South Carolina’s



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P4 | APUSH | Wiley | Sources on Jackson, D___ Name:

  1. South Carolina’s Ordinance of Nullification, 1832



Southerners tended to oppose tariffs (part of the American System), while Northerners supported it. Though the Tariff of 1832, signed into law by Jackson, slightly decreased the “Tariff of Abominations” (1828, signed by JQA), it wasn’t decreased quite enough for Southerners. South Carolinians, with support from Jackson’s own vice president, John C. Calhoun, reasserted the principles of state nullification and threatened to secede from the nation if forced to submit to the tariff.

Whereas the Congress of the United States by various acts, purporting to be acts laying duties and imposts on foreign imports, but in reality intended for the protection of domestic manufactures and the giving of bounties to classes and individuals engaged in particular employments, at the expense and to the injury and oppression of other classes and individuals, [it has] exceeded its just powers under the constitution, which confers on it no authority to afford such protection, and bath violated the true meaning and intent of the constitution, which provides for equality in imposing the burdens of taxation upon the several States and portions of the confederacy: And whereas the said Congress, exceeding its just power to impose taxes and collect revenue for the purpose of effecting and accomplishing the specific objects and purposes which the constitution of the United States authorizes it to effect and accomplish, hath raised and collected unnecessary revenue for objects unauthorized by the constitution.

We, therefore, the people of the State of South Carolina, in convention assembled, do declare and ordain . . . that the several acts of the Congress of the United States, purporting to be laws for the imposing of duties and imposts on the importation of foreign commodities, are unauthorized by the constitution of the United States, and violate the true meaning and intent thereof and are null, void, and no law, nor binding upon this State, its officers or citizens; and all promises, contracts, and obligations, made or entered into, or to be made or entered into, with purpose to secure the duties imposed by said acts, and all judicial proceedings which shall be hereafter had in affirmance thereof, are and shall be held utterly null and void.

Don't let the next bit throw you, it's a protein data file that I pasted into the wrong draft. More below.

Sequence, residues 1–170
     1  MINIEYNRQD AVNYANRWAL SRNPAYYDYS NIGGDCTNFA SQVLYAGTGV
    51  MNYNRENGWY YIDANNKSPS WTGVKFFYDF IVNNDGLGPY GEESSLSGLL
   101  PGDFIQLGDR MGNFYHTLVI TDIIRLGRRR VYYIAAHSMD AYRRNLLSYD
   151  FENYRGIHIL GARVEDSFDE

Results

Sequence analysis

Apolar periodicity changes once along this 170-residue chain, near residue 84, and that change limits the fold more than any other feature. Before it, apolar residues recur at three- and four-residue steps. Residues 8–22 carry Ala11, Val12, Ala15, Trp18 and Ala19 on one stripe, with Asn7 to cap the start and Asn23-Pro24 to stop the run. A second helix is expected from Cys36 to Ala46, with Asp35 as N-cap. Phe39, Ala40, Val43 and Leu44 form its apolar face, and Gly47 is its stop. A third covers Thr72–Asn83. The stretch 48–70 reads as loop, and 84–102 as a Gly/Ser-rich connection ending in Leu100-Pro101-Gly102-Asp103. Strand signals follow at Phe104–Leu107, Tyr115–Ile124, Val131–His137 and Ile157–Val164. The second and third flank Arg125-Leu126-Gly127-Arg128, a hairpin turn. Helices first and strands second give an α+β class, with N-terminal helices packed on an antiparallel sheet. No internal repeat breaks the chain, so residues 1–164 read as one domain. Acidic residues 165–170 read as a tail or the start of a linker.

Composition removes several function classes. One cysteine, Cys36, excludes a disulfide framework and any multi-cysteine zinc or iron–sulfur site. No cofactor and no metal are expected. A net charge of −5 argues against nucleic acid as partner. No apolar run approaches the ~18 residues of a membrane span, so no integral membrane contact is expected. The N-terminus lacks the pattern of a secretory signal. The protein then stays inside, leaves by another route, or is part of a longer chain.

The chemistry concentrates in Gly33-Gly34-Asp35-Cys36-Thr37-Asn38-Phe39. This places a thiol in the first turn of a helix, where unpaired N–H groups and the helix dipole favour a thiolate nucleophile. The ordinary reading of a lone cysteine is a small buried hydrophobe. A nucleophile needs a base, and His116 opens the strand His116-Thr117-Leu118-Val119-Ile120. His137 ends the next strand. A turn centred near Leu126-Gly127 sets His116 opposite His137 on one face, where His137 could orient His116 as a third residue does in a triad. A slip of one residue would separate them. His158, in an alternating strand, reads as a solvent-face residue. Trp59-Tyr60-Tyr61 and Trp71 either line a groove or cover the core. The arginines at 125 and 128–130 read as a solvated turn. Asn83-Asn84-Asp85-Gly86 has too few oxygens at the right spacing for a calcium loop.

And it is further ordained, that it shall not be lawful for any of the constituted authorities, whether of this State or of the United States, to enforce the payment of duties imposed by the said acts within the limits of this State; but it shall be the duty of the legislature to adopt such measures and pass such acts as may be necessary to give full effect to this ordinance, and to prevent the enforcement and arrest the operation of the said acts and parts of acts of the Congress of the United States within the limits of this State . . . [;] and all persons residing or being within the limits of this State . . . are hereby required and enjoined to obey and give effect to this ordinance, and such acts and measures of the legislature as may be passed or adopted in obedience thereto. . . .

And it is further ordained, that all persons now holding any office of honor, profit, or trust, civil or military, under this State (members of the legislature excepted), shall, within such time, and in such manner as the legislature shall prescribe, take an oath well and truly to obey, execute, and enforce this ordinance . . .



And we, the people of South Carolina . . . do further declare that we will not submit to the application of force on the part of the federal government, to reduce this State to obedience, but that we will consider the passage, by Congress, of any act authorizing the employment of a military or naval force against the State of South Carolina, her constitutional authorities or citizens; or any act abolishing or closing the ports of this State . . . to be null and void, otherwise . . . the people of this State will henceforth hold themselves absolved from all further obligation to maintain or preserve their political connection with the people of the other States; and will forthwith proceed to organize a separate government, and do all other acts and things which sovereign and independent States may of right do.

  1. How did South Carolina justify nullification? Do you sympathize with SC in this situation? Why or why not?



  1. Review the Constitution; its articles and its principles (see Period 3). To what extent does SC’s approach seem in line with the Constitution? To what extent does it seem opposed to the principles set forth in the Constitution?


  2. Where have we seen similar arguments used in the past?



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